The nature of God is a circle of which the center is everywhere and the circumference is nowhere. Empedocles
Spring comes reluctantly to Northern Maine as the cold fingers of winter cling selfishly to the land before the relentless warmth of the sun forces her to retreat. Salmon Brook runs through our property and each spring, swelled with melted snow, it rushes with all the pent up energy of a horse long confined to a stall. It takes savage bites of the banks and seeks new territory to explore after its frozen winter imprisonment. It tumbles rocks and flings trees in its desire to flex its freedom and each year new channels are carved in its impatience to join up with bigger waters on their inevitable rush to the sea.
I eagerly await the moment when the snow melts enough for me to get to the brook’s edge to see what changes have been wrought by the spring runoff. Just across from where we have our firepit a small island splits the brook and some years the water cuts a channel towards the front of the island. These are the years that taking a nap in the hammock are accompanied by the giggling of the water as it tickles over the rocks nearby. Other years the brook jumps to the backside of the island and it creates a nice swimming hole to cool off in the hot summer months.
This week I decided to put on my waders and walk through the water to the island and try to determine if the brook has made up its mind which way it will go this year. I could see a new gravel bar along the side of the brook and uprooted trees were bridging another section. I thought about how life is like this brook. When we are young we are sure of our path and we rush headlong toward our goals. In our single minded need for success and happiness we fling obstacles out of our path without regard to where they will land. We don’t look back to see what damage we’ve done, focusing only on our efforts to reach our destinations.
As we progress in life some of the obstacles throw us into a different direction. Births, deaths, jobs, illnesses cut new channels into our path and take us into unplanned and uncharted territory. Just as the flow of the brook begins to slow as the summer months sap its strength and it can no longer manhandle boulders and impediments we begin to slow down as the years go by. We figure out that obstacles can be overcome by reason and ingenuity. As we tire we learn to value not the achievement at the end of our journey but the journey itself. We stop more often to enjoy the peace of the still pools and the beauty of the overhanging branches and wildflowers along the way.
As fall approaches the brook slows to a trickle, reluctant to rest on winter’s cold breast. As we approach our final destination we value each day more and more. And like the last of the summer wine, life becomes sweeter because it is the last leg of our journey. We remember with fondness when we galloped through life kicking up our heels with the sheer joy of living. We remember the boulders and limbs along the way that threatened to derail us and we marvel at our resilience to withstand the bruises and cuts they inflicted to emerge stronger and more assured.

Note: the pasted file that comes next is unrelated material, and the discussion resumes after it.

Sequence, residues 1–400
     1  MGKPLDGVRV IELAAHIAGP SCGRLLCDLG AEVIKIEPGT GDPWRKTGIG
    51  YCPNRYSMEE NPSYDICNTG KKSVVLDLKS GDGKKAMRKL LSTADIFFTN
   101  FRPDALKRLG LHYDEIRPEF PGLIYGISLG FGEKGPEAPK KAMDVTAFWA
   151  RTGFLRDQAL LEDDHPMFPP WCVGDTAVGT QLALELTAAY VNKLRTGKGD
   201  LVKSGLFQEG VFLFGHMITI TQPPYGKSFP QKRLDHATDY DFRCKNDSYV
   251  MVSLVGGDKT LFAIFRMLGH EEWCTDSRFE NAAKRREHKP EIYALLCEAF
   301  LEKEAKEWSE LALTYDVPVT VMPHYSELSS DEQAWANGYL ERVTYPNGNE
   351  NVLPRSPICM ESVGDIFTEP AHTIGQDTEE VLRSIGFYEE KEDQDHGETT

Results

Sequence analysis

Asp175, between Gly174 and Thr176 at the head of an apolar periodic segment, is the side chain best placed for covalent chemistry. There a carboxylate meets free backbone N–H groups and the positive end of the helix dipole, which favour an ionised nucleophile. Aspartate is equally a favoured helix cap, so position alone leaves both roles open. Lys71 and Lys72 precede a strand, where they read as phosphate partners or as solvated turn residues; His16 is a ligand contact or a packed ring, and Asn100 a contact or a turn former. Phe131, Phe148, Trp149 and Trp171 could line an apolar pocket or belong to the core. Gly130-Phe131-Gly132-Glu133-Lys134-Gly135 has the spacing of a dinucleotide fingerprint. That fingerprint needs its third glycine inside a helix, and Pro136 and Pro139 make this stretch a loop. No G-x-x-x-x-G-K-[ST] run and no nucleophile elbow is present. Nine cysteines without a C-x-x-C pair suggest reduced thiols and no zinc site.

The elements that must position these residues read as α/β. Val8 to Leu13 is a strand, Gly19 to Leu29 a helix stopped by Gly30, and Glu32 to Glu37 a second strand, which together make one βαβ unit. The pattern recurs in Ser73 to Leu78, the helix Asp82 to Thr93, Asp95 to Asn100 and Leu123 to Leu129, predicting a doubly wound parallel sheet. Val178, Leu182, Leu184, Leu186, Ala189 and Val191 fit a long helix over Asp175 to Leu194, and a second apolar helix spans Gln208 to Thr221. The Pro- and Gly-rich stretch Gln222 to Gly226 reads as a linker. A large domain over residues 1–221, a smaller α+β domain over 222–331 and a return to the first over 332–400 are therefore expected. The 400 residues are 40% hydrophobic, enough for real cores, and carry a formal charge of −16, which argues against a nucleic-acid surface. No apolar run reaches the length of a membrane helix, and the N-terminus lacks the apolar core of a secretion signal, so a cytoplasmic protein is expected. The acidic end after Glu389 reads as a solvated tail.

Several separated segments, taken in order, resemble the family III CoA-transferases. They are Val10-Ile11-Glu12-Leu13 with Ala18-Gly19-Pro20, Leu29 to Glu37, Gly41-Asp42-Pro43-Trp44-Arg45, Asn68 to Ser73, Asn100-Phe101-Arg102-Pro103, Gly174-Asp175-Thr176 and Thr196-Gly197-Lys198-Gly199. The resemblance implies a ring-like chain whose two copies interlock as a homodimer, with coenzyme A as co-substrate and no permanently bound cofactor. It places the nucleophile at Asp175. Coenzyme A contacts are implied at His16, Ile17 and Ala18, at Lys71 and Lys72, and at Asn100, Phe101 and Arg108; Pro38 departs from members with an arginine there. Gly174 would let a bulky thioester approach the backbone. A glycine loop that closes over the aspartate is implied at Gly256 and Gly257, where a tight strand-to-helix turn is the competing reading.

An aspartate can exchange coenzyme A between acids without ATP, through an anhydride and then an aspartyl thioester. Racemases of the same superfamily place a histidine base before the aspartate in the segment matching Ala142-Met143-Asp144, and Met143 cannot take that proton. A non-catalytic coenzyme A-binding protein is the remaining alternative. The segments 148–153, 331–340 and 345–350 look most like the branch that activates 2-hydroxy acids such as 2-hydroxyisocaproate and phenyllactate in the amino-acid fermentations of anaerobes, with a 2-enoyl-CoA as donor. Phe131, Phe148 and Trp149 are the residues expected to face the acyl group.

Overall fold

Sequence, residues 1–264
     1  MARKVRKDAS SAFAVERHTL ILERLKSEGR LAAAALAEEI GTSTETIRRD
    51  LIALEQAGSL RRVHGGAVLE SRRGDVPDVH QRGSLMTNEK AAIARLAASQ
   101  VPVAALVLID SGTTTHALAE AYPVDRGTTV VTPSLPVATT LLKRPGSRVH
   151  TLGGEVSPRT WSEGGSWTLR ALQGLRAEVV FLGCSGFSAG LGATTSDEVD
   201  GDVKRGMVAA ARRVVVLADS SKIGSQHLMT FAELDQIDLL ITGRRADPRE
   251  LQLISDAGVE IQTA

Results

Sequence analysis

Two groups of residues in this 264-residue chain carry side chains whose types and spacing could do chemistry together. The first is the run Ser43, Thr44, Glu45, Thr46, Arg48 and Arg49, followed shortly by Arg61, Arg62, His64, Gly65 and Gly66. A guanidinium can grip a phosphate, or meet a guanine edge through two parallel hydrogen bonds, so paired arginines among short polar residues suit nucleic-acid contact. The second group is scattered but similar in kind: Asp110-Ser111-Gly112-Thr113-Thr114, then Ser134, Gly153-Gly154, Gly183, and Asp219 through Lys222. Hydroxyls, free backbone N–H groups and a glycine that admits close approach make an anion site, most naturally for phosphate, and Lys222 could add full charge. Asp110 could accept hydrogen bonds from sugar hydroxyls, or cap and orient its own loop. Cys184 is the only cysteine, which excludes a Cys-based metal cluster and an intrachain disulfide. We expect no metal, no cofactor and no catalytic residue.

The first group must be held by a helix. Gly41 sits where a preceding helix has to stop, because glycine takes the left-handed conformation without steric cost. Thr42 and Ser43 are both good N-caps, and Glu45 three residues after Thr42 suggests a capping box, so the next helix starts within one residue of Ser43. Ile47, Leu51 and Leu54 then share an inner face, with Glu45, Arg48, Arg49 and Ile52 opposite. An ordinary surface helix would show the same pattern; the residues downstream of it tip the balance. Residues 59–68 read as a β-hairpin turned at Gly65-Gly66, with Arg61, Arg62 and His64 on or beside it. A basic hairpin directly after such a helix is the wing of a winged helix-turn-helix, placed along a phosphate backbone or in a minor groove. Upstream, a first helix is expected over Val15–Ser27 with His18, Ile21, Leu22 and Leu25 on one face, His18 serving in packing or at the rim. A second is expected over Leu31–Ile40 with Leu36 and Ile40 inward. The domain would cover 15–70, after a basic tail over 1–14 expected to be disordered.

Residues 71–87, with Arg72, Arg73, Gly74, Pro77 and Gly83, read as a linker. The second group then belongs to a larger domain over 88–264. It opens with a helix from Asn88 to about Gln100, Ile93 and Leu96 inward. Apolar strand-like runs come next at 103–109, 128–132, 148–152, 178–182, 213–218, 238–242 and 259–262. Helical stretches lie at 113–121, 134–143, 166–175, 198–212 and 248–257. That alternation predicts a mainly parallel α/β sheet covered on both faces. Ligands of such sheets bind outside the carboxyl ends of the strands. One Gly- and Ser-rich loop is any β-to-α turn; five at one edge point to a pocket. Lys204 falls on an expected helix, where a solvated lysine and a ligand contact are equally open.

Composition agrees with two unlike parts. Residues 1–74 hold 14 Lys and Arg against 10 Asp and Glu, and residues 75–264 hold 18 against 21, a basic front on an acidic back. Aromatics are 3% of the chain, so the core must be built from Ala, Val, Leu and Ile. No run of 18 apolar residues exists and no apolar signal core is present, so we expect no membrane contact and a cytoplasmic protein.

As I near the last part of life’s journey I still have a kick or two left in me. I am no longer afraid to take a new path because experience has taught me that there is always something wonderful waiting round the bend. I don’t fret if I want to spend a day in contemplation and rest because those are the times when the deep pools can be explored and long hidden memories return and we embrace as old friends. Sometimes I wonder why we can’t have the insights we gather as we age when we have the exuberance of youth to enjoy them. But it is the journey of life that weaves all our joys, pain, laughter and tears together into the complete masterpiece God intended. This knowledge reassures me that death is not to be feared, it is simply the end of the journey we embarked on the minute we drew our first breaths. When our journey is ended we will wake refreshed into the warm, loving arms of our Lord; reborn into the light, just as the brook wakes up each spring, for life is a never ending circle of birth and death, sleep and renewal.
To every thing there is a season, and a time to every purpose under the heaven:
A time to be born, and a time to die;
A time to plant, and a time to pluck up that which is planted;
A time to kill, and a time to heal; a time to break down, and a time to build up;
A time to weep, and a time to laugh; a time to mourn, and a time to dance;
A time to cast away stones, and a time to gather stones together;
A time to embrace, and a time to refrain from embracing;
A time to get, and a time to lose; a time to keep, and a time to cast away;
A time to rend, and a time to sew; a time to keep silence, and a time to speak;
A time to love, and a time to hate; a time of war, and a time of peace. Ecclesiastes 3